The Peculiar Hostess
One trait we don’t have to wonder about is Lady Denham’s racist attitude. Her behavior at the infamous pineapple luncheon is reprehensible. Because these events occur in Season 1, Episode 2 (and Lady D and Georgiana have no other direct encounters), some Sanditon viewers may forget the full extent of the traumatic treatment that Lady Denham inflicts on Georgiana Lambe. Others may “excuse” Lady D as a regular Regency racist. Understanding Lady Denham’s exceptional and deliberate race-based cruelty to Georgiana is essential to fully fleshing out Lady D’s character.
Rotten to the Core
Although we cannot expect Regency-era English people to have modern racial sensitivities, we can evaluate Lady Denham’s behavior through the eyes of the other luncheon guests. Heads turn sharply when Lady Denham asks bluntly, “Was not your mother a slave?” This collective movement indicates that Lady Denham’s words shock her contemporaries.
Lady Denham continues her diatribe, casting enslaved women as willing enchantresses rather than victims of rape, the ugly reality. Although the assembled company around the Sanditon House table may not be aware of this historical detail, we can read discomfort on their faces. Everyone knows Lady Denham is beyond the pale. Following the luncheon, even Tom Parker refers to her as “an appalling … woman.”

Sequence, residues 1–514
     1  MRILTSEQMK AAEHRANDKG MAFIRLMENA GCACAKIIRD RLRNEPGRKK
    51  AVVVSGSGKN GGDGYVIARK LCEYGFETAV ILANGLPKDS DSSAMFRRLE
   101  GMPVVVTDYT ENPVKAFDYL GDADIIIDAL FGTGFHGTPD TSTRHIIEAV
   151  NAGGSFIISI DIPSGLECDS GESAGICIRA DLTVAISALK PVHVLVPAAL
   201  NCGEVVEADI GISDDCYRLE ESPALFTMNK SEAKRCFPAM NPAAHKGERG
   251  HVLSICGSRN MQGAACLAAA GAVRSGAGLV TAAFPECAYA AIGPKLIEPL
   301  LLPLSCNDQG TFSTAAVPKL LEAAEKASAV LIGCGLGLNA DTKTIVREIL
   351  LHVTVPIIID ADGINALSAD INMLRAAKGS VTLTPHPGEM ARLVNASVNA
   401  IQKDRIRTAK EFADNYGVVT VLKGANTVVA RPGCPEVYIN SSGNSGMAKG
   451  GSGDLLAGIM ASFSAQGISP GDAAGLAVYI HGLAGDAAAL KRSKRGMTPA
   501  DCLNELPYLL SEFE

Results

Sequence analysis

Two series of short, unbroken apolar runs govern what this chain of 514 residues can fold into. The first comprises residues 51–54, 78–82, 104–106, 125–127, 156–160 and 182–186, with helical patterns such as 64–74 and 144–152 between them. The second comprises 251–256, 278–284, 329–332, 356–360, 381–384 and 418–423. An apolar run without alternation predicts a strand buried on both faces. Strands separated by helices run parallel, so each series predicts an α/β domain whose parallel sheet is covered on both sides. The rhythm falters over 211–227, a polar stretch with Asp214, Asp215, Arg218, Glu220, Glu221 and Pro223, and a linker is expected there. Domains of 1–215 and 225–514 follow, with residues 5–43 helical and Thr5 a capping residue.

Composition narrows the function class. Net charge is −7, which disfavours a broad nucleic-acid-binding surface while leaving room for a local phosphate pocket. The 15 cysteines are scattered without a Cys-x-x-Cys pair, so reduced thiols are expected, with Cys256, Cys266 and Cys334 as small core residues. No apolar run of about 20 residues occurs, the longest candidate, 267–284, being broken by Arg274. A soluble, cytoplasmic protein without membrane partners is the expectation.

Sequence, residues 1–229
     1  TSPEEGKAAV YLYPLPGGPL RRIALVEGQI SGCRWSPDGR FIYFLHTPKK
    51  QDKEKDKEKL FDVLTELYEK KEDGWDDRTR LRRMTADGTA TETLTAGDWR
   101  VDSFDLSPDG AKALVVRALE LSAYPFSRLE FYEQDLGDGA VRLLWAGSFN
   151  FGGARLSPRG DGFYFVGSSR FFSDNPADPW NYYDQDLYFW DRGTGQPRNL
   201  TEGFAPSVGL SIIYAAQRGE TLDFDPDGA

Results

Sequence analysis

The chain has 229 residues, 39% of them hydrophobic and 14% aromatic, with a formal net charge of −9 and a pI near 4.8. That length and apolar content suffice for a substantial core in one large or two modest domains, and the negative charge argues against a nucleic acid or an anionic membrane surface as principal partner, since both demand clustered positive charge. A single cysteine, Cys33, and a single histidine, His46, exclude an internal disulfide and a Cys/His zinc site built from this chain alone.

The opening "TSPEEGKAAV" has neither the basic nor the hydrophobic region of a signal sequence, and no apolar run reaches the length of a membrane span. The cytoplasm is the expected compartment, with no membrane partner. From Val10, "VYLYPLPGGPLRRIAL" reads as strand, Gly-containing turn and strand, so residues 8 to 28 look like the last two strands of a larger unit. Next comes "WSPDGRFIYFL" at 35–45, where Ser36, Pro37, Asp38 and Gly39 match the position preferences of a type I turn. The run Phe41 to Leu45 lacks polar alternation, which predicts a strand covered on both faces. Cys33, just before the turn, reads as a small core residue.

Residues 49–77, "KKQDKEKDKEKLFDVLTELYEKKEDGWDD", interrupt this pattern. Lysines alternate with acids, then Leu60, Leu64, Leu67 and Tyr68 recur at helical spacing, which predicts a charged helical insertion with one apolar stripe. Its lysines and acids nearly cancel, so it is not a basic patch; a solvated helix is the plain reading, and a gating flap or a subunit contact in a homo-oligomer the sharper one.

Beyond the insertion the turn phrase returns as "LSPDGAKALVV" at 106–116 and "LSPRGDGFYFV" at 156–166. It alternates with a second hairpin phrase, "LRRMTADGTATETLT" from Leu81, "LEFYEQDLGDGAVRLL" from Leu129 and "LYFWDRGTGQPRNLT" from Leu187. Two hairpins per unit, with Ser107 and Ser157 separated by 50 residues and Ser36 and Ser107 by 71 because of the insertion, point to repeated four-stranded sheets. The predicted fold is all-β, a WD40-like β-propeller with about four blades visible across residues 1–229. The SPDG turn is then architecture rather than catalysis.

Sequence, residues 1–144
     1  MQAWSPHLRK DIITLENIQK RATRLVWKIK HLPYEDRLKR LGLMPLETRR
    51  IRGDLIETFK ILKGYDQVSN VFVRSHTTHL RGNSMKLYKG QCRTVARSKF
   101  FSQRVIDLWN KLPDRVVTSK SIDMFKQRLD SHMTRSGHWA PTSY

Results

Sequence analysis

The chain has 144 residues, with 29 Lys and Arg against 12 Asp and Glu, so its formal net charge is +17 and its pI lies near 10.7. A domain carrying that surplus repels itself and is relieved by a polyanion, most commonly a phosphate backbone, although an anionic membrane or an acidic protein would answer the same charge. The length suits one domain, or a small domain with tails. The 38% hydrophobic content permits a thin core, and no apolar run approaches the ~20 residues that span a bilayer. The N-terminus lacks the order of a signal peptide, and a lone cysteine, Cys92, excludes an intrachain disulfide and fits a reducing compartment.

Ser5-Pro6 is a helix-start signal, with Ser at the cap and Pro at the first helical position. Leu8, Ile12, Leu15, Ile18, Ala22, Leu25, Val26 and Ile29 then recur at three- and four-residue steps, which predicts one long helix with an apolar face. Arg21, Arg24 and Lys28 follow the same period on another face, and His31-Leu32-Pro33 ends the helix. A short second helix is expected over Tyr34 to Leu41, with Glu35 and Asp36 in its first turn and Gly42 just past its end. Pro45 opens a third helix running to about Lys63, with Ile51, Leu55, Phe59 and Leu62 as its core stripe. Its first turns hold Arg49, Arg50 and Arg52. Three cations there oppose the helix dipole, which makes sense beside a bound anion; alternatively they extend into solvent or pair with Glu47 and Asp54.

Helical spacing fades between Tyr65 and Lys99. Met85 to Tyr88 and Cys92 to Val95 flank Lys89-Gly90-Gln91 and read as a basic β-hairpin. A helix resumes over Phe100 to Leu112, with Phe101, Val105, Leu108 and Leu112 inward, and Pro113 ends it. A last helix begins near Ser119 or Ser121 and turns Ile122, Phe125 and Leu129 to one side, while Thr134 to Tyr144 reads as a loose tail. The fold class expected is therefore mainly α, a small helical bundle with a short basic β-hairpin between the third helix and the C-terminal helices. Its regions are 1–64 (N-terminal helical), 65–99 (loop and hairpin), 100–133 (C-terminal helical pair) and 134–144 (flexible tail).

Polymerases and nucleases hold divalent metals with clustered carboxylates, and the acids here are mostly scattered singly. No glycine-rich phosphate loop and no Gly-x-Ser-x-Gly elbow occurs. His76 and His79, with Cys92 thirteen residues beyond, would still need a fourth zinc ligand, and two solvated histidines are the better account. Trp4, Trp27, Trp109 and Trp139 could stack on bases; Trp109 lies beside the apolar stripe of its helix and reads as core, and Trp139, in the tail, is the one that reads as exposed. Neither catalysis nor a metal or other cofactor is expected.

More importantly, we can measure the impact of Lady Denham’s inhospitably racist treatment by the pain it causes Georgiana. The exchange creates such distress that it drives Georgiana to seek first to flee Sanditon and, when that fails, to despair on a rocky perch above the sea.
From Honor to Humiliation
Despite Lady Denham’s assertion that she “likes to tease” or Charlotte Heywood’s claim that Lady Denham “means no real harm,” it is essential that we remember the cruelty on display at the luncheon. Lady Denham invites Georgiana into her home as the guest of honor. Although questionable, the decision to have an exotic fruit is arguably a gesture toward Georgiana’s Antiguan heritage. Yet, Lady Denham’s (flawed) hospitality extends only so long as the event seems within her control and the prize within her grasp.